Private explorers also visited western Colorado during the 1840s and 1850s. However, these people left few written records of their exploits. The famed Oregon pioneer, Dr. Marcus Whitman, followed the Grand River to the Gunnison and south along that river on his way to Washington, D.C. to inform President John Tyler on the value and potential of Oregon. He may have been accompanied on this trip by Francis Parkman, but evidence is scanty on that point.  Englishman Sir St. George Gore, for whom the Gore Range was named, travelled much of central Colorado's mountains on a hunting expedition during these years. His entourage included mountain men, artists and a variety of camp followers. The expedition left little for posterity except a tremendous record of game slaughtered in the name of sport. 
The next concerted effort at exploration occurred with the 1860 expedition of Richard Sopris, who led 14 adventurers across South Park, down the Blue River and into the Roaring Fork Valley. These men were looking for gold during the prospecting craze that took place in Colorado after the 1858 discoveries of gold along Cherry Creek, and the later Gregory Diggings near Central City, Colorado. The Sopris party found nothing of value in the Roaring Fork Valley and returned to the future site of Glenwood Springs. Then they made their way west to the White River, near the place where the town of Meeker, Colorado later arose, before returning to Denver along the Gunnison route of 1853. The only contribution of the expedition was the naming of Mount Sopris, near Carbondale, Colorado, in honor of the group's leader.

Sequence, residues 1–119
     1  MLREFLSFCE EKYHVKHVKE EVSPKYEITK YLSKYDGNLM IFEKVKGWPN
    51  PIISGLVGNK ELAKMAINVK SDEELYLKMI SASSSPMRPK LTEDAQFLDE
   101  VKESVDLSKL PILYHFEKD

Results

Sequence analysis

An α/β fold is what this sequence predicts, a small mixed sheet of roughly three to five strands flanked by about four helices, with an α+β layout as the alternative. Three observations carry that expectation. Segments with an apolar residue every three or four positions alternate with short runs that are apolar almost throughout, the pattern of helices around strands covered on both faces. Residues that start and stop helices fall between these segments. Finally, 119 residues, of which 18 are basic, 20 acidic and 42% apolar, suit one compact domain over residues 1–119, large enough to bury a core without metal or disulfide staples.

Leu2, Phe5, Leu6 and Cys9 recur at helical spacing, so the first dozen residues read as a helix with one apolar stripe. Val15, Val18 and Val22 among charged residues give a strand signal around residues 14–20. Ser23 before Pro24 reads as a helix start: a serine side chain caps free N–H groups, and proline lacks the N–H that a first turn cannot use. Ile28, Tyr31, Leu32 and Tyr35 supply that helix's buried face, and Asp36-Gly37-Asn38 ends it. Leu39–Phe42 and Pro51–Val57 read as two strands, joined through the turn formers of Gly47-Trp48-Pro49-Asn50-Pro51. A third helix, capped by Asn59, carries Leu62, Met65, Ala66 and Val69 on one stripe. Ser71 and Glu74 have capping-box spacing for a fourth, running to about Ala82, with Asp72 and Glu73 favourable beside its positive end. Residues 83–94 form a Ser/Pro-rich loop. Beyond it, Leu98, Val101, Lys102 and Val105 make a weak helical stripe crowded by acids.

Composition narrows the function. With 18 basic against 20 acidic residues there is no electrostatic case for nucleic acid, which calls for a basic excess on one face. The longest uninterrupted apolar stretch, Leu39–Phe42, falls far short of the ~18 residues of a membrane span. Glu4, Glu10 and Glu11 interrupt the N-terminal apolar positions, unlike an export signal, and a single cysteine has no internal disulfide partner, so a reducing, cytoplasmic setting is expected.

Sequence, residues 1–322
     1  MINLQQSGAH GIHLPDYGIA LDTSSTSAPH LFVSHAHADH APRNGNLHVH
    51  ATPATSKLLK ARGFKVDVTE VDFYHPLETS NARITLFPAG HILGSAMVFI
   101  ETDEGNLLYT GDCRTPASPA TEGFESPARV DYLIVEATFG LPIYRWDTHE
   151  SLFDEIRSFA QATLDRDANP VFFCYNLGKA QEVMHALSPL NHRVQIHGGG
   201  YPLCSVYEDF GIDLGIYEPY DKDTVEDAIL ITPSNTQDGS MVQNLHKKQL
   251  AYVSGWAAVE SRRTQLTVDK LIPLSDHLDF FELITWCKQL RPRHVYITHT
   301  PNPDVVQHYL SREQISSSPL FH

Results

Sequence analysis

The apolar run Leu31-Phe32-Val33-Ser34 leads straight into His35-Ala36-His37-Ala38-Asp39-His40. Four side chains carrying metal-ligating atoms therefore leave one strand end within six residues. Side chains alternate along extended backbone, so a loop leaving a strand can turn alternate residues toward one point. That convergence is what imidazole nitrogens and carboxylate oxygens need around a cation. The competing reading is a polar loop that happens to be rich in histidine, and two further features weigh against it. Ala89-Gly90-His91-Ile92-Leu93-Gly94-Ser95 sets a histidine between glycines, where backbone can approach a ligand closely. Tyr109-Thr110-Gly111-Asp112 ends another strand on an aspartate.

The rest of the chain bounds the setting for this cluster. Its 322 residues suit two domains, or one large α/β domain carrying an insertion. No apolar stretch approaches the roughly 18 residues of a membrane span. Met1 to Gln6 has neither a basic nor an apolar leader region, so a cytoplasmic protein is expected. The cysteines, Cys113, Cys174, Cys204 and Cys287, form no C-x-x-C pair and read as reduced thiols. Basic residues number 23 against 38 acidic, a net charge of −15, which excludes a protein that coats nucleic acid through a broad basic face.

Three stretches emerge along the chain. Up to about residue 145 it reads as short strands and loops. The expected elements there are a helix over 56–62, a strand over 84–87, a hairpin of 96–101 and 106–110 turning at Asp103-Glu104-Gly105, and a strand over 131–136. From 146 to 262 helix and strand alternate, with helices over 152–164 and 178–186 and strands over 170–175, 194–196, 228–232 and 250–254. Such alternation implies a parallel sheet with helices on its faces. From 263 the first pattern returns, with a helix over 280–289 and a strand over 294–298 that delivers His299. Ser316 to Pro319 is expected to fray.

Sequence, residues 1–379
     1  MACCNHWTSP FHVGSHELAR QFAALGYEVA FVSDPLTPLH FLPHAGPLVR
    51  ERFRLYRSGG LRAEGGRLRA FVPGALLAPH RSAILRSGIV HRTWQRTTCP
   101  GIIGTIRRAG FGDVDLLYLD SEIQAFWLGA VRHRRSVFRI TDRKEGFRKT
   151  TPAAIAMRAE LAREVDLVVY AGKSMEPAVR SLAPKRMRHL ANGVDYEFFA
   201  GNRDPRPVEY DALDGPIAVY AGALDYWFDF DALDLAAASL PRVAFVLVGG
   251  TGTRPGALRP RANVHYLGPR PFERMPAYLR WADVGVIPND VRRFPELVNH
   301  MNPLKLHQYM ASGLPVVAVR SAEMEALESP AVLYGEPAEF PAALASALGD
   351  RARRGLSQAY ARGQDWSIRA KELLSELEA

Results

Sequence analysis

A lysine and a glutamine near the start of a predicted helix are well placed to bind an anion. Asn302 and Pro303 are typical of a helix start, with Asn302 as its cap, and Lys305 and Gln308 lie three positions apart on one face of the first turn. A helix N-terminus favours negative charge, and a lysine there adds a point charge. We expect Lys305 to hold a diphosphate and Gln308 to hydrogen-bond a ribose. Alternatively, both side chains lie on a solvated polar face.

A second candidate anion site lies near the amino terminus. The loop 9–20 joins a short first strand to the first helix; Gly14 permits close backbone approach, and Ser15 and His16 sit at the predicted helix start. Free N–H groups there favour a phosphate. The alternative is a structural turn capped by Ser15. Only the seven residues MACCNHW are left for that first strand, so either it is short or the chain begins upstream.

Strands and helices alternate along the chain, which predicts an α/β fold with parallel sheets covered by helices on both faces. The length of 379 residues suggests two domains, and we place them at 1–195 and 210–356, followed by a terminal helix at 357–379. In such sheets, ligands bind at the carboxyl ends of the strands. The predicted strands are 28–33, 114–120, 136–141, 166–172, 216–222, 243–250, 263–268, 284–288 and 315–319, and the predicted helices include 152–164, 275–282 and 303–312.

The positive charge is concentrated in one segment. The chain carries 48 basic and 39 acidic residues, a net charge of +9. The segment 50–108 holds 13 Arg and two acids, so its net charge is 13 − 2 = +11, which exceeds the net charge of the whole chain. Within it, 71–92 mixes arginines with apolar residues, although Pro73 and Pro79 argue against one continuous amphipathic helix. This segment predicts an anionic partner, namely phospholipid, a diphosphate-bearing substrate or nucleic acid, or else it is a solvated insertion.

The Sopris expedition provided little insight as to the possible developmental value of the Grand Valley and the Roaring Fork region. However, other prospectors like William Gant were also in west-central Colorado observing the land's potential. The information they brought back, combined with the maps and notes that Sopris made, provided an incentive for new prospectors to cross the rugged mountains just east of the head of the Roaring Fork River and try their luck in the Aspen area. 
In 1870, Benjamin Graham and six companions crossed the Rockies and found themselves near Rock Creek in the Roaring Fork Valley. This party set up camp and proceeded to prospect for gold. By 1874, they had built a small camp and began to prospect for gold. They built a small fort-like cabin that the Utes burned in 1874. The little group was driven from the Roaring Fork Valley, not soon to return. 
Prospectors also worked the Piney (Eagle) Valley looking for gold placers during the 1860s and 1870s. A few promising strikes were made and the news carried back to Denver. For some reason, possibly lack of access, nothing became of these reports.  By the mid-1870s prospecting had ceased throughout the district.